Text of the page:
Dundalk’s European adventure wasn’t as long as last year and didn’t scale the same heights, but that doesn’t mean that there wasn’t progress of sorts.
Where last campaign’s run was made up of twelve games and ended with the greatest European season a League of Ireland team has had, probably ever, this year it was to end after 210 minutes in a bitterly disappointing 3-2 aggregate loss to Rosenborg in Trondheim on Wednesday night.
The exit was doubly hard to take due to the fact that they themselves had struck the first blow via Brian Gartland’s header with just over ten minutes on the clock. As was the case at Oriel Park last week, Dundalk were on the front foot and Rosenborg struggled to handle it.
However, again as was the case in Dundalk, they allowed the Norwegian side back into it on the stroke of half time; it was a carbon copy of the events a week earlier, and it took the wind out of the Lilywhites’ sails in much the same way.
Rosenborg grew from there and from the second half onwards it looked ominous for the reigning League of Ireland champions. The winning goal eventually came (albeit in extra-time) and although Ciaran Kilduff very nearly swung the tie back in Dundalk’s favour towards the end, the chance to face Celtic in the next round slipped away from their grasp.
Dundalk were dejected at the end, and the joy on the faces of the Rosenborg players after spoke volumes – this wasn’t some European powerhouse relieved and slightly embarrassed that a minnow had come close to knocking them out, this was a team that knew they were very much in a battle and it took nearly everything they had to emerge from it.
— Darren Frehill (@Darrenfrehill) July 19, 2017
And although they won’t be feeling it right now, Dundalk should be proud of that. The League of Ireland should be proud of that. Granted, this isn’t the Rosenborg team of ten years ago (and this incarnation will be doing well to trouble Celtic next week) but this was probably the most comfortable an Irish team has looked in Europe, considering the opposition, in quite some time.
This club have made undeniable progress in the past twelve months and have blazed a trail for Irish teams in Europe that has to have set the bar higher. In their Europa League run last season, they weren’t overawed at any time. In their six matches in the group stages – against seasoned opposition with plenty of European experience – they scored in all but one of those games.
The spirit showed against Ronseborg is being praised, and rightly so, but that tinge of disappointment is positive in its own way. It means the notions of simply “having a go” is starting to be left behind. Time was, a defeat to a team like Rosenborg would lead to a collective shrugging of the shoulders and simply moving on to next season where the whole usual cycle can begin again.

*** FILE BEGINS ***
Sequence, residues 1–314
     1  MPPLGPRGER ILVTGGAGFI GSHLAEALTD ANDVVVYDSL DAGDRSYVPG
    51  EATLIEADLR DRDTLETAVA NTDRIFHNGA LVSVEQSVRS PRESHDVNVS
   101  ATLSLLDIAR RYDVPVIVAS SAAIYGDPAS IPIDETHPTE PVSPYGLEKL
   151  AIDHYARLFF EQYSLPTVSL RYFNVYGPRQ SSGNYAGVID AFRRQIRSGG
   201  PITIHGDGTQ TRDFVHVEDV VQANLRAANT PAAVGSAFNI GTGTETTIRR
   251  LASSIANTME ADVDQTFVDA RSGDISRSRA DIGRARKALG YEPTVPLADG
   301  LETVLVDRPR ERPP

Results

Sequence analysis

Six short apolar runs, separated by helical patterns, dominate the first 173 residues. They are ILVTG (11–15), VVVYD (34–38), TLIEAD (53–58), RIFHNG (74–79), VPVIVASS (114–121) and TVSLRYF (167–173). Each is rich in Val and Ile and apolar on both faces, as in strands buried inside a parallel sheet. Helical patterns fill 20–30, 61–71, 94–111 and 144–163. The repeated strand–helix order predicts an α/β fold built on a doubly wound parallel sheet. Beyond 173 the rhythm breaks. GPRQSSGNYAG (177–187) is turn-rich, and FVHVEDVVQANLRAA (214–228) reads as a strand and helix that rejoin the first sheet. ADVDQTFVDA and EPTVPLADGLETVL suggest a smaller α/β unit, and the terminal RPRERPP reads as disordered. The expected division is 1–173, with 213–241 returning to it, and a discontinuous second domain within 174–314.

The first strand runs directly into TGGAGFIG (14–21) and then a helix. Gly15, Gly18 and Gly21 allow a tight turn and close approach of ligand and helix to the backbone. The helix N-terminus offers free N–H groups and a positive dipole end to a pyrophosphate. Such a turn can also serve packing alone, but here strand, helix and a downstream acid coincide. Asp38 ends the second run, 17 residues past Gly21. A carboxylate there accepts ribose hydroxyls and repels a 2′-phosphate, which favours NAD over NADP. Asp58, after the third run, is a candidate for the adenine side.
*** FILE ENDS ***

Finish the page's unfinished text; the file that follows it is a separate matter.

However, this defeat feels like something was left behind. When a manager’s tactics are being called into question (as Kenny’s are in some quarters, in particular for not being direct enough when a goal was required) then in a roundabout way it’s a good thing. It means the expectation levels have shifted and that making up the numbers won’t be accepted to the same extent.
That’s all well and good of course, but it needs to be maintained and improved upon. RTE panellists Richie Sadlier and Alan Cawley were beginning to touch on this debate in the studio in the aftermath of Dundalk’s exit and one gets the feeling that it’s a debate that could have run longer were it not for time constraints.
League of Ireland clubs have been operating on meagre budgets compared to a sizeable amount of their European counterparts for some time now, but at what stage must this be considered the foundation rather than the ceiling? At what stage is Dundalk’s (and, to a lesser extent, Cork City’s last season) progress going to be recognised and harnessed into something tangible and workable? Otherwise, we’re just doomed to repeat the cycle of nothingness when it comes to Ireland in Europe, constantly on the unseeded side of a Champions/Europa League draw ad infinitum.
In the hilariously misguided words of British Prime Minister Theresa May, “there’s no magic money tree” and that has to be taken into some level of consideration, but neither should it kill the argument stone dead. Former Cork City defender Neal Horgan has regularly spoken on the subject of full-time football, for example, and he believes that it is sustainable as long as the FAI, from the top down, have a dynamic plan for it to be sustainable.
Trying to rush it simply doesn’t work either, as look at the mess that Bray Wanderers have found themselves in when they tried to run before they could walk.
Ultimately though it comes down to a question of, what do we and the FAI want and expect for this league? Do we want nights like Wednesday to be celebrated as the novelty they currently are, or be more disappointed in them because the expectation level should be higher.
It won’t be easy, nor will it be any way sudden, but it has to improve for the league to be taken seriously.
On this week’s episode of the Mixer Irish Football Podcast we discussed the latest rounds of domestic and European fixtures, and were joined on the line by Galway United captain Colm Horgan.